How a Secret Gym in Japan Helped Simone Biles Train for Her Comeback

After Simone Biles withdrew from the women's gymnastics team final at the 2020 Olympics, her team called Juntendo University and asked if she could train there away from the spotlight.

By Elyse Dupre Aug 05, 2021 12:52 PMTags

The gym at Juntendo University will always hold a special place in Simone Biles' heart.

For it was there the 24-year-old gymnast privately trained after withdrawing from the women's gymnastics team final at the 2020 Olympics.

"I'll forever be thankful for Junetendo for allowing me to come train separately to try to get my skills back," she tweeted Aug. 4. "The Japanese are some of, if not the sweetest people I've ever met." 

According to The Wall Street Journal, the university's professor Kazuhiro Aoki received a call on July 28 asking if Biles could practice at the school away from the spotlight.

"This is a complicated matter," he was told, per the publication. "But this is for Biles." 

The call reportedly came 12 hours after Biles performed her vault routine and removed herself from the women's gymnastics team final—citing a case of the "twisties," or midair disorientation, and a need to focus on her mental health as her reasons for withdrawing. The U.S. women's gymnastics team won the silver medal.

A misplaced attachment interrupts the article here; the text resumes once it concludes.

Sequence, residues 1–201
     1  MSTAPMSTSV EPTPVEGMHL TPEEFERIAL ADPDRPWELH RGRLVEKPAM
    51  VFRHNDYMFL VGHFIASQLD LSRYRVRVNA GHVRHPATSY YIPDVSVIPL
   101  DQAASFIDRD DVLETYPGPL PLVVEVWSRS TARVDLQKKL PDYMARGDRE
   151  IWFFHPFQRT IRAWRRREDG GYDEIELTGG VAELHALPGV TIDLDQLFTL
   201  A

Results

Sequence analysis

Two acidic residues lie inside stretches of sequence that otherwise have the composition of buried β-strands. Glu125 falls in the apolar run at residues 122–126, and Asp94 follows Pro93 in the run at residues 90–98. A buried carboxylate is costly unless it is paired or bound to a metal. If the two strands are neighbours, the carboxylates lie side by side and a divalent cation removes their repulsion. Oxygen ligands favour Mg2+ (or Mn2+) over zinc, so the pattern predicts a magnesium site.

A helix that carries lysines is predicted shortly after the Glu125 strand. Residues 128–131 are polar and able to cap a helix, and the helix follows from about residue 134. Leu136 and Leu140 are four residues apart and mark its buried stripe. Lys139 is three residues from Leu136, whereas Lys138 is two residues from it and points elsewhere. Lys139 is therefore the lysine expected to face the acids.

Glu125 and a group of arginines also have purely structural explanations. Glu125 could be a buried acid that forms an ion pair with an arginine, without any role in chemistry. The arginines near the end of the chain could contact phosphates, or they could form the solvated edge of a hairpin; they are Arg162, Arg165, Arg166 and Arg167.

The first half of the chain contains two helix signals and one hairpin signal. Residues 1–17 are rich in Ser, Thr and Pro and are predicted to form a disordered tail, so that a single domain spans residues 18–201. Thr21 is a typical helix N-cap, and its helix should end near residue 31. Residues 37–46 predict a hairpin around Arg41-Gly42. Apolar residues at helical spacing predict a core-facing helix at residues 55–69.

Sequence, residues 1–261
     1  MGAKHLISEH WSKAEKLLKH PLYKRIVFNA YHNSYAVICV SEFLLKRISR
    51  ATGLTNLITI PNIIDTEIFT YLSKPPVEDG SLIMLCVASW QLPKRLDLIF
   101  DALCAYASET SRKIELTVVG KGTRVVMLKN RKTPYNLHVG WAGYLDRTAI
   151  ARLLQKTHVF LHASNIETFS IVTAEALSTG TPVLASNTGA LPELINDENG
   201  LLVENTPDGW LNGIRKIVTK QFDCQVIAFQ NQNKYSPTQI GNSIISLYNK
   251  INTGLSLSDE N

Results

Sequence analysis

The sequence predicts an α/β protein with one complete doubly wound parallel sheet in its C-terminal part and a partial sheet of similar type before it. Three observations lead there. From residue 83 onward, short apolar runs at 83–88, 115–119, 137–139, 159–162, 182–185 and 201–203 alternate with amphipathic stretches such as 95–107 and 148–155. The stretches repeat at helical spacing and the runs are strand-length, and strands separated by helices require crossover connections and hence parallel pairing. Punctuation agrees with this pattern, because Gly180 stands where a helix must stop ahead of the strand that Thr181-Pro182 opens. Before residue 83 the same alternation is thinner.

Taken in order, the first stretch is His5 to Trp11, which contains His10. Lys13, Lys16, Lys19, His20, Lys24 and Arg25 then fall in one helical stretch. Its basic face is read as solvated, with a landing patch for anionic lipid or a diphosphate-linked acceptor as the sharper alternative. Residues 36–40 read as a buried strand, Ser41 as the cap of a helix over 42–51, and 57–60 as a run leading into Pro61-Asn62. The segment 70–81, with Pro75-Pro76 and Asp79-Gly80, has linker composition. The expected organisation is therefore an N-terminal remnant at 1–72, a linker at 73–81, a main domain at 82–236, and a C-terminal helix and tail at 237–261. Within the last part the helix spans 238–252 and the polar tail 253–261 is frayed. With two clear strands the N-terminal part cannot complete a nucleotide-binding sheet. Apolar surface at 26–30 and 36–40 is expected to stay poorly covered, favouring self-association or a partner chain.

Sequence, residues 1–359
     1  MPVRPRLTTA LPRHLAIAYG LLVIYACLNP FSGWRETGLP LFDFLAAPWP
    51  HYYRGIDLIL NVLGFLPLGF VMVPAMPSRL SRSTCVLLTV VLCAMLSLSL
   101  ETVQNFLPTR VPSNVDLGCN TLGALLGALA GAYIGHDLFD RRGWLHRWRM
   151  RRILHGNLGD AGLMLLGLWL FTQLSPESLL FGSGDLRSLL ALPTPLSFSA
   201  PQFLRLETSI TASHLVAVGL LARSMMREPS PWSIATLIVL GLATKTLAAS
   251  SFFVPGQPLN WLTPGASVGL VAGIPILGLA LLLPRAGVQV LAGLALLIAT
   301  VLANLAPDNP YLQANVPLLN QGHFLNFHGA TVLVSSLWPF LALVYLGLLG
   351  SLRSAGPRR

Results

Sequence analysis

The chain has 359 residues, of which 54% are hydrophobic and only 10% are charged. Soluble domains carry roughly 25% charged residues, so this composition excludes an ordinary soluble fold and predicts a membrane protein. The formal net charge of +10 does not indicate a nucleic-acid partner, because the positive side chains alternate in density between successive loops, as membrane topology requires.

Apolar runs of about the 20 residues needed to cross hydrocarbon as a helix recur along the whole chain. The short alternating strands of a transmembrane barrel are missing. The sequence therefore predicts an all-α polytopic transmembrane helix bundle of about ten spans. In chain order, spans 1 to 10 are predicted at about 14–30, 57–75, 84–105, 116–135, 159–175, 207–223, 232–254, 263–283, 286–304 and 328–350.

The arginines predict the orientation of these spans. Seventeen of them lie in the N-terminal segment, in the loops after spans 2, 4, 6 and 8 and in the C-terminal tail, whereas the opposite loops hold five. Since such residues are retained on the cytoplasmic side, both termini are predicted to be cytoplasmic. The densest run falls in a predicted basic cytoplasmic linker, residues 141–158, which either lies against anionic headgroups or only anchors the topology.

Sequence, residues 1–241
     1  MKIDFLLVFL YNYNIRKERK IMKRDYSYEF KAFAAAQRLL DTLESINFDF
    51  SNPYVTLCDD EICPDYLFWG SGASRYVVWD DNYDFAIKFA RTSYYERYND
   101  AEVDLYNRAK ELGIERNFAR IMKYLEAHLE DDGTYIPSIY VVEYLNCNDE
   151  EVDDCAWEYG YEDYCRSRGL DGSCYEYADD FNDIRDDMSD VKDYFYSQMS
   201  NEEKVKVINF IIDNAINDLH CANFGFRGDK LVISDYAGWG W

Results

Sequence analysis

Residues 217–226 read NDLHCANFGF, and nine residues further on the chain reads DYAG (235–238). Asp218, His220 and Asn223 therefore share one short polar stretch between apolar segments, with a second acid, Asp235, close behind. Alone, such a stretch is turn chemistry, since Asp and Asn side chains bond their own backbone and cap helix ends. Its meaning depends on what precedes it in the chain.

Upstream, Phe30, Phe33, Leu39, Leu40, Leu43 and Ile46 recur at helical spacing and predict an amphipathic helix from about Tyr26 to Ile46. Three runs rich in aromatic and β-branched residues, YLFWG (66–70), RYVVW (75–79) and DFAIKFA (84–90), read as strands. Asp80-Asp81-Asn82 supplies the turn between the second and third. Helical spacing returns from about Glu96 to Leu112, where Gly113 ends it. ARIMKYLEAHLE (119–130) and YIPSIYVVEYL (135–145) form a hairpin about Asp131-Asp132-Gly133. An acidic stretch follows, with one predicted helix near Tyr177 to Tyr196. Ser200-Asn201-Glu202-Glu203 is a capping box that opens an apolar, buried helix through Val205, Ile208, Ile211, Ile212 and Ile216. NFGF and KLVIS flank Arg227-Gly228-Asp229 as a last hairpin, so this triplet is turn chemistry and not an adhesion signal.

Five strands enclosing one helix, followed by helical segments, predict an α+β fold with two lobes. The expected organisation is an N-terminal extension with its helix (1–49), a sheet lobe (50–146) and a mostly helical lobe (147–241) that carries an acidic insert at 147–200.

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Simone Biles' 2020 Tokyo Olympics Journey

Biles also exited from the all-around individual competition, as well as the event finals for vault, uneven bars and floor exercise. At one point, the Olympian, who had said she felt like she carried "the weight of the world" on her shoulders at times, posted a video of herself practicing a twist on the uneven bars at a gym and falling on her back.

"For anyone saying I quit, I didn't quit," Biles wrote on Instagram along with the post. "My mind & body are simply not in sync—as you can see here. I don't think you realize how dangerous this is on hard/competition surface. Nor do I have to explain why I put health first. Physical health is mental health."

Laurence Griffiths/Getty Images

According to The Wall Street Journal, Biles trained at the university's gym, located in a suburb of Tokyo, for a few hours over the course of four days, joined by her coaches and medical provider.

On Aug. 3, Biles returned to compete in the balance beam final and won the bronze medal, which she later told Today meant more to her than the four golds she won at the 2016 Olympics.

"It means more than all the golds because I've pushed through so much the last five years and the last week while I've even been here," she said. "It was very emotional, and I'm just proud of myself and just all of these girls, as well."

Catch up on all of E!'s 2020 Tokyo Olympics coverage here.